|Publication number||US5191173 A|
|Application number||US 07/689,465|
|Publication date||Mar 2, 1993|
|Filing date||Apr 22, 1991|
|Priority date||Apr 22, 1991|
|Publication number||07689465, 689465, US 5191173 A, US 5191173A, US-A-5191173, US5191173 A, US5191173A|
|Inventors||Phillip S. Sizer, Malcolm N. Council, Willard J. Deese, E. G. Hoffman, Robert F. Bailey, David H. Neuroth|
|Original Assignee||Otis Engineering Corporation|
|Export Citation||BiBTeX, EndNote, RefMan|
|Patent Citations (29), Referenced by (74), Classifications (18), Legal Events (9)|
|External Links: USPTO, USPTO Assignment, Espacenet|
1. Field of the Invention
This invention relates to electrical cable used to supply power to downhole equipment like submersible pumps in subterranean wells. More particularly, the invention relates to electrical cable encased in steel tubing that is known in the industry as reeled or coiled tubing. Optionally, the invention relates to reeled tubing that encases cable bundles comprising both electrical conductors and small-diameter tubing adapted to deliver lubricants, corrosion inhibitors or other fluids to downhole equipment.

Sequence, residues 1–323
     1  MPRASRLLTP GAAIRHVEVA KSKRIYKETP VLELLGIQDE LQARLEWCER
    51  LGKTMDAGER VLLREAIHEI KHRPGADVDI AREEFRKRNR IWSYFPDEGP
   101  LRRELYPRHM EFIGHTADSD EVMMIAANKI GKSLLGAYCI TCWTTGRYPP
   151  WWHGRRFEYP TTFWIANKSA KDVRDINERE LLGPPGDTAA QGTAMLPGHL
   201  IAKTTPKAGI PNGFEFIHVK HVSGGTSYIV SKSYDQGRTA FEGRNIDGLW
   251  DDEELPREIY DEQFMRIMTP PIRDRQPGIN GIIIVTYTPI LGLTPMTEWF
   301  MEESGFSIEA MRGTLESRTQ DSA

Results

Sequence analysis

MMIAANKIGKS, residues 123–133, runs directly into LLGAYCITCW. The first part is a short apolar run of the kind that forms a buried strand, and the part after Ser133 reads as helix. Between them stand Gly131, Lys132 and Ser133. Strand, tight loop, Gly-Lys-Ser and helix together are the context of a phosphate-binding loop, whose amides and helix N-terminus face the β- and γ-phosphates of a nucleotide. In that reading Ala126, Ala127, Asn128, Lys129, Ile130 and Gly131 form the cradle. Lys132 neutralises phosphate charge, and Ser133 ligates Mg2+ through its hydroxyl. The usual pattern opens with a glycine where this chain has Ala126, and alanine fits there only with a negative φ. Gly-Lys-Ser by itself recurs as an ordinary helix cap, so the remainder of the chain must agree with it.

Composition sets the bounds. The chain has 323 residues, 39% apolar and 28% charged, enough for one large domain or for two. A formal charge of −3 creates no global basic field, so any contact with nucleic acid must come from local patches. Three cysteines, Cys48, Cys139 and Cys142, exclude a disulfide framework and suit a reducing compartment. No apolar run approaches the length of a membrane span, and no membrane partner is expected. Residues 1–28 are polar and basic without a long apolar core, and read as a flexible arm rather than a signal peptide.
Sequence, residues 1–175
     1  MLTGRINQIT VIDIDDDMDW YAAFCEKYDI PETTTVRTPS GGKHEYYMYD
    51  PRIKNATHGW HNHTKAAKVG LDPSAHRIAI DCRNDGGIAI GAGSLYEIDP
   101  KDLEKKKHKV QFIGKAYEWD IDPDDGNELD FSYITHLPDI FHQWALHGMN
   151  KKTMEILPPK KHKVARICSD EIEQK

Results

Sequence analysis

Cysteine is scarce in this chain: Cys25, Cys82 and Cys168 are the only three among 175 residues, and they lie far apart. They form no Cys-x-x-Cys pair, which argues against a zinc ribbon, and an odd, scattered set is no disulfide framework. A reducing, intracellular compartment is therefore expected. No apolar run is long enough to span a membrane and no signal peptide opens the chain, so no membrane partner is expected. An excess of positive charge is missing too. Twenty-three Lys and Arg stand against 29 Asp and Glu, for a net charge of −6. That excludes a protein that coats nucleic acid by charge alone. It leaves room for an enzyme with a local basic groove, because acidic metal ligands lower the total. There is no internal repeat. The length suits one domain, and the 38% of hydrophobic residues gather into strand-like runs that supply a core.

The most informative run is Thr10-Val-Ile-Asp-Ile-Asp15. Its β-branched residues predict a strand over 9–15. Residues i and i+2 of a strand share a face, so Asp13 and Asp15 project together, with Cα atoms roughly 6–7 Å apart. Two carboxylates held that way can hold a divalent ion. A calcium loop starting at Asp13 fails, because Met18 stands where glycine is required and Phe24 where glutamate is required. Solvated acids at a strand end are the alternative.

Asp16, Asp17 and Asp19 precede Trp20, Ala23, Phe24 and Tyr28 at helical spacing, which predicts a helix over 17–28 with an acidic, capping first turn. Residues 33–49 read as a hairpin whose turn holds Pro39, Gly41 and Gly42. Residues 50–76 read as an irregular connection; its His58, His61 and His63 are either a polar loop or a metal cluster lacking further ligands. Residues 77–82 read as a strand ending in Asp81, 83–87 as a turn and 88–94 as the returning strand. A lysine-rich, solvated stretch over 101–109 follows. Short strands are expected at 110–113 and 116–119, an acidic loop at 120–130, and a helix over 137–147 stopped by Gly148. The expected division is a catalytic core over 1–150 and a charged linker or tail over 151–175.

2. Prior Art
It is well known that conventional electrical conductors comprising insulated copper wire lack sufficient tensile strength to support their own weight when used in the long vertical run lengths frequently needed for downhole applications. One method previously used to strengthen such conductors has been the incorporation of one or more steel cables inside the cable bundle.
Longitudinally wrapped and seamed cables comprising coaxial electrical conductors are disclosed in U.S. Pat. Nos. 3,394,400; 3,405,228; 3,530,019 and 4,083,484. Such cables are not, however, satisfactory for use in the vertical oilfield applications discussed above.
U.S. Pat. No. 3,615,977 discloses a method for insulating coaxial tubing systems using a material that is foamed in situ.
U.S. Pat. Re. No. 28,961 discloses a method and apparatus for manufacturing soft metal sheaths for electrical wires.
U.S. Pat. No. 4,938,060 discloses a method and apparatus wherein an electrical cable connected to a downhole sensor extends longitudinally up the interior of coil tubing to receiving and control equipment located at the surface adjacent the wellbore. The tubing conducts injection fluid to a desired location within the borehole and protects the electrical cable when running into or out of the hole. In this apparatus the coil tubing does not function to support the weight of the electrical cable.